Going to Extremes: Improving Education

Dr. JoAnn Cox, our Alaska project leader, at the top of the world in Barrow, AK.

Dr. JoAnn Cox, our Alaska project leader, at the top of the world in Barrow, AK.

With our project manager Deborah Forman in Eagle, CO.

With our project manager Deborah Forman in Eagle, CO.

In my last update, I told you about Public Works merging with Sequoia Consulting Group, allowing us to offer a wider range of services.  Even before, however, we’ve been moving to expand and deepen our work in one policy area of particular interest to us: education.

This year, Public Works is literally taking our education work to new extremes:  We’re undertaking reviews of both the K-12 and post-secondary education agencies in Alaska – and just this week we launched a new project to expand early childhood education high up in the Rockies.  At the top are pictures of Dr. JoAnn Cox, our Alaska project leader, at the top of the world in Barrow, AK, and of me with our project manager Deborah Forman in Eagle, CO.

We’ve also been joined by Laura Dukess, a long-time specialist in educational leadership, and we’ll be adding additional experts as our practice further expands.  Education also is a key part of the social venture activities I’ll be undertaking now in addition to my continued public sector consulting (more on that in a coming update).

Of course, along with our extensive involvement in workforce development, education has been central to Public Works’ mission from the beginning:

— One of our earliest projects was comprehensive research on early childhood education for the California Commission on Families and Children.  We designed a national strategy on early education for the Center for National Policy, and the nation’s first Cabinet-level Department of Early Learning engaged us to identify innovative funding approaches.  We also designed an expansion of Iowa’s Statewide Voluntary Preschool Program, and last year coordinated transfer of Louisiana’s Child Care Development Fund to the state’s Department of Education.

— We’ve conducted performance reviews of school operations in New Orleans and four South Carolina districts, helped to streamline the school construction process in California, and wrote a comprehensive strategic plan for professional development in the New Brunswick, NJ, school district.  And we designed an innovative Crisis Response Box program in California and Mississippi for addressing school shootings.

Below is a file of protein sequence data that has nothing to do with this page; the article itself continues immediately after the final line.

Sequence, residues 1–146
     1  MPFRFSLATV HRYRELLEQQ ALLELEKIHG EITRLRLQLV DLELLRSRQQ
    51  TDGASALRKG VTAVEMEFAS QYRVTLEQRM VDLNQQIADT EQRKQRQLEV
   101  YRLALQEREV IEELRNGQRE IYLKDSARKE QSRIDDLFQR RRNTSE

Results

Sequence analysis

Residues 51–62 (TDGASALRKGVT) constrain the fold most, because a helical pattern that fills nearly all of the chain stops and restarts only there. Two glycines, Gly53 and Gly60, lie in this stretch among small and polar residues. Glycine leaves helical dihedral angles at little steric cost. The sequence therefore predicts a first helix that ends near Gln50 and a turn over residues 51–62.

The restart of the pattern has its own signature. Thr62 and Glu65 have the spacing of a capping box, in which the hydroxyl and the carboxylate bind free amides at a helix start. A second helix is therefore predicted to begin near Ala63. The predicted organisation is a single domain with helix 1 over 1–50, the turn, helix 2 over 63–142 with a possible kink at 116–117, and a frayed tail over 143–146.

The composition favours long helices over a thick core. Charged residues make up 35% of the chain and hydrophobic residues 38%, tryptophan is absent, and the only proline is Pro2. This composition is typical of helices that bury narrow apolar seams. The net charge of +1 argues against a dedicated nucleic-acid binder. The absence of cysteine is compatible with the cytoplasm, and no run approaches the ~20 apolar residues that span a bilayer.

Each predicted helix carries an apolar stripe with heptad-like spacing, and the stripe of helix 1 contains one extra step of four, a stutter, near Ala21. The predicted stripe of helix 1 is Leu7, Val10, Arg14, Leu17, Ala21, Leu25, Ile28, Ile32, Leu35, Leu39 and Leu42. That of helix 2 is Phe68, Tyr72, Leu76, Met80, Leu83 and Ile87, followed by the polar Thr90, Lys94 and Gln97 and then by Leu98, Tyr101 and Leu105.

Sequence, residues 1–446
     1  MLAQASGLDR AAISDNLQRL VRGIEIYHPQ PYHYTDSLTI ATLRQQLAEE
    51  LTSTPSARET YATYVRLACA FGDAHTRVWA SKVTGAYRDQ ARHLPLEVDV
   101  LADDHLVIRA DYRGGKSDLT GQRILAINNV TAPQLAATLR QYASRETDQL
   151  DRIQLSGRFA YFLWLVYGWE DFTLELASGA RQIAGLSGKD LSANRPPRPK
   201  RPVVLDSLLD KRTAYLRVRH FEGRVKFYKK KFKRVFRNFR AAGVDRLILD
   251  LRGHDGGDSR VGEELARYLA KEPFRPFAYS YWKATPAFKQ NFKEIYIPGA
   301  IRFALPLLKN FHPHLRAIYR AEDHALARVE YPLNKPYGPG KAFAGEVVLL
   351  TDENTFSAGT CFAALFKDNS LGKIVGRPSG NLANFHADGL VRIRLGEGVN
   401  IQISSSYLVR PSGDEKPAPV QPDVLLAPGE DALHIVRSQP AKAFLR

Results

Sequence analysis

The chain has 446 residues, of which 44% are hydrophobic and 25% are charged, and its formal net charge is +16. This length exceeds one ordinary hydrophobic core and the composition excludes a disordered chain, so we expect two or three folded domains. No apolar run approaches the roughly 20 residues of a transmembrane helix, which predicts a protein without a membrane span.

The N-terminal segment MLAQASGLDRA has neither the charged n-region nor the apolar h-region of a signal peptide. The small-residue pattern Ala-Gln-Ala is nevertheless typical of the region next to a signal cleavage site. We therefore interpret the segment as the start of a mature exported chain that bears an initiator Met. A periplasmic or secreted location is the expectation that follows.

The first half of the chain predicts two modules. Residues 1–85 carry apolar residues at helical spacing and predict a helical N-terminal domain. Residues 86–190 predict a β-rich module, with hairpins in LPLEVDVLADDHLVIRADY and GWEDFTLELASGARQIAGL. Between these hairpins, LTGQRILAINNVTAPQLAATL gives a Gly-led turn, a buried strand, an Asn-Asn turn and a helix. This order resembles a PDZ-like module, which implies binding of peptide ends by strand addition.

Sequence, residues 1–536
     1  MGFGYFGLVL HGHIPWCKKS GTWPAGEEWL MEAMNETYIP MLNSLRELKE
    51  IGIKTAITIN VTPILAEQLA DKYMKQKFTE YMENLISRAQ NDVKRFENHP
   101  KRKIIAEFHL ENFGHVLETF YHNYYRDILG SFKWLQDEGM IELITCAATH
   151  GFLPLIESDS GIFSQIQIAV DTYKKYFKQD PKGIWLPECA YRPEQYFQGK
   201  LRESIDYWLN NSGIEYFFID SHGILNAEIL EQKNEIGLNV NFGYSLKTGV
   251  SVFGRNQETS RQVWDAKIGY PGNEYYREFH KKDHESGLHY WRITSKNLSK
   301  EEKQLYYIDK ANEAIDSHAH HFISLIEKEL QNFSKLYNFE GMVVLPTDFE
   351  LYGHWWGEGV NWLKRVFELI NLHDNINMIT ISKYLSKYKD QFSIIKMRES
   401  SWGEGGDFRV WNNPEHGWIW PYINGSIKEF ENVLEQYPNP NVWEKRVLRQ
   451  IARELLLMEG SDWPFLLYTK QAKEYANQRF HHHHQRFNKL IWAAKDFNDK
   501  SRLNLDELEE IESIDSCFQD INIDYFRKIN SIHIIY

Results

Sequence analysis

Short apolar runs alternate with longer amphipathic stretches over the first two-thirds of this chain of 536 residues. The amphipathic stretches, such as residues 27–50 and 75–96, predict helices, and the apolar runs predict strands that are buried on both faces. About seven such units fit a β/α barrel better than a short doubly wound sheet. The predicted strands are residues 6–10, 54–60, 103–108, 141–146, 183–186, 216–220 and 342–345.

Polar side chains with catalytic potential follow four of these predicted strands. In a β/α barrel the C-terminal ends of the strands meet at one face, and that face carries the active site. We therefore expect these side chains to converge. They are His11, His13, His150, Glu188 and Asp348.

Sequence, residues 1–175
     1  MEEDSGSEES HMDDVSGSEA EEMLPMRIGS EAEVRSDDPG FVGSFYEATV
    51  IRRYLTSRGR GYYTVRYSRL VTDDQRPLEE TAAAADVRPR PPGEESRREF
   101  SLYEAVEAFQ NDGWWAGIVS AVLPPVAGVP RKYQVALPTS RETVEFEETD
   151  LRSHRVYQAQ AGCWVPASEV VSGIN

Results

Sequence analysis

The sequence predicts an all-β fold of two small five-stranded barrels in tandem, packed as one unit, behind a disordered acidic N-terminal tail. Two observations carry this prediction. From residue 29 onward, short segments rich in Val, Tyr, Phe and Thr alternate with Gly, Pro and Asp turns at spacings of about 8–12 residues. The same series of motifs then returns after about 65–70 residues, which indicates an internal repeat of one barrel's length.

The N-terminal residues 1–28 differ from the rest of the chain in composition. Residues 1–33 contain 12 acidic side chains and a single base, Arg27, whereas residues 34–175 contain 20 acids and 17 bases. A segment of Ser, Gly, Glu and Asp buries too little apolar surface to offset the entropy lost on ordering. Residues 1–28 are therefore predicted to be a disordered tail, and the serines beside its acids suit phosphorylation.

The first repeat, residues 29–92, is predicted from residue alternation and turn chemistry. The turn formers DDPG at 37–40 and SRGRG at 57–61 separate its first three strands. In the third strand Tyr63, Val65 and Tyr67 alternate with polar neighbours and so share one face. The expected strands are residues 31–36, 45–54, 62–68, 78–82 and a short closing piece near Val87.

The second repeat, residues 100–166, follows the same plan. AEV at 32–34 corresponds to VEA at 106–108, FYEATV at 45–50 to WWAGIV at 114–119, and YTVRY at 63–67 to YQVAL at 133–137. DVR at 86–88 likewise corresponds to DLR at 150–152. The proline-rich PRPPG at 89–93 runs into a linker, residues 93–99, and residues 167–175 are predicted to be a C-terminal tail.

— In education policy, our statewide review in West Virginia not only identified $90 million in savings but also defined strategies to improve teaching and technology use.  In Arizona, we studied the alignment of K–12 public education with post-secondary and workforce demands, and we helped establish P-20 councils in both Arizona and West Virginia.  We also recommended improvements in teacher licensure, accountability and assessment, and charter schools in New Mexico, and developed a comprehensive K-12 agenda for New York City. And we produced a report for the California Department of Education on modernizing “Voc-Ed” into Career and Technical Education for the 21st century.

— We’ve worked on access to higher ed with a complete overhaul of California’s student loan guaranty entity, and a college scholarship program for Cuyahoga County, Ohio.  We partnered with the world’s largest university system – Cal State – on expansion of applied education doctorates, a Centers of Excellence program in STEM education, and reorienting the state education system to high-demand fields.  We also developed the strategic plan for a regional technical education center at UNM-Gallup and a gap analysis of community college needs in northwestern Pennsylvania.

Look for more from us in education as 2016 progresses!

North Slope Borough “Public Works” office in Barrow.



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